Adjust the display screen of your in-car computer to eye level to enhance your peripheral vision. And make an effort to periodically stop reading or typing and scan your environment. This may seem irritating at first but with time it will simply become a habit.
If it is dark outside, your cruiser lights should be on to light up what is in front of you and possibly blind someone approaching from in front. If you want your lights off, park in a well-lit area.
Just remember that sitting with your lights out and looking into a backlit computer screen will make it difficult for your eyes to adjust for night vision conditions. So even if the weather is cold, it is important to have your windows slightly cracked open so you can hear what's happening outside your cruiser.
Assaulted in Your Car
When sitting in the driver's seat, you are limited in your defenses against a physical assault. Your hand and leg strikes may not have a good reach, and the power may be reduced. But you do have some counters and defenses.
Let's say a subject reaches into your patrol car and begins punching you or trying to grab your neck. Your initial reaction may be to place your left arm and hand up and against your head to protect it from the strikes. You can use this block and combine it with counter strikes against the assailant.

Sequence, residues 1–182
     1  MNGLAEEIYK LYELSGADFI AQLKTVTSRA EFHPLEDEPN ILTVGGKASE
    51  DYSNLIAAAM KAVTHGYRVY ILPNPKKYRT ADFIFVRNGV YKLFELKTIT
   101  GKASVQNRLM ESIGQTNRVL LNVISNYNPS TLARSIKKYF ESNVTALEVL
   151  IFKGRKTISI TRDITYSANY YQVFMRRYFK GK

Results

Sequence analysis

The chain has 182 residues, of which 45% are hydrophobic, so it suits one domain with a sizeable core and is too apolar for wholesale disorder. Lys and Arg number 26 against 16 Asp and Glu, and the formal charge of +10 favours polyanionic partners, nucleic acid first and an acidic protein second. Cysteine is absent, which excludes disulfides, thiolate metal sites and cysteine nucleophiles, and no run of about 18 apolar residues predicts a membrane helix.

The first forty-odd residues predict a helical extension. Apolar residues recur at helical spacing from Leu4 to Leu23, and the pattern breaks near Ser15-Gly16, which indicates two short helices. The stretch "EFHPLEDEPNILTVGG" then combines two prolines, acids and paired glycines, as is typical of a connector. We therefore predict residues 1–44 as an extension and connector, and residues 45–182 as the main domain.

Try to trap and pin the suspect's arm and then throw strikes into your assailant's face. Then while blocking with your left hand, put the car in drive and pull away.
Depending on the type of assault and if a suspect is armed, you may have to respond with a TASER or handgun. Practice drawing your weapons from a seated position in your car. This helps you understand what works best from within the confines of your car.
If the assailant is at the driver's side window and attacking you with a knife or small impact weapon, try to pin or hold his hand and/or wrist to disarm him. Once you block the attack, draw your handgun.
Sometimes your best bet is to get out of your car and take the fight to the bad guy. This may require you to fight your attacker while he or she is just outside the door and you have very limited room to maneuver. Practice defensive techniques such as kicks, blocks, and weapon draws while exiting your car.
When you are seated and the cruiser is parked, you may still have your seat belt buckled. So practice unbuckling the seat belt and getting it out of the way. You may also opt to unbuckle when parked to prevent hindrances with the seat belt.
An attack in your patrol car may require you to shoot your attacker while you are still seated. This is something you need to practice.
Drawing your pistol while seated in your car may feel awkward at first. You will have to bend or twist your body and your elbow may bump into the seat or other objects inside the cruiser. Practice to learn what works best for you.
Once you have drawn your pistol, practice dry firing into the windshield as well as both side windows. Live fire exercises are not practical for this type of training. But that doesn't matter. What is important is to practice drawing and firing from inside the cruiser.
Tom Wetzel is a northeast Ohio suburban police lieutenant, SWAT officer, trainer, and certified law enforcement executive.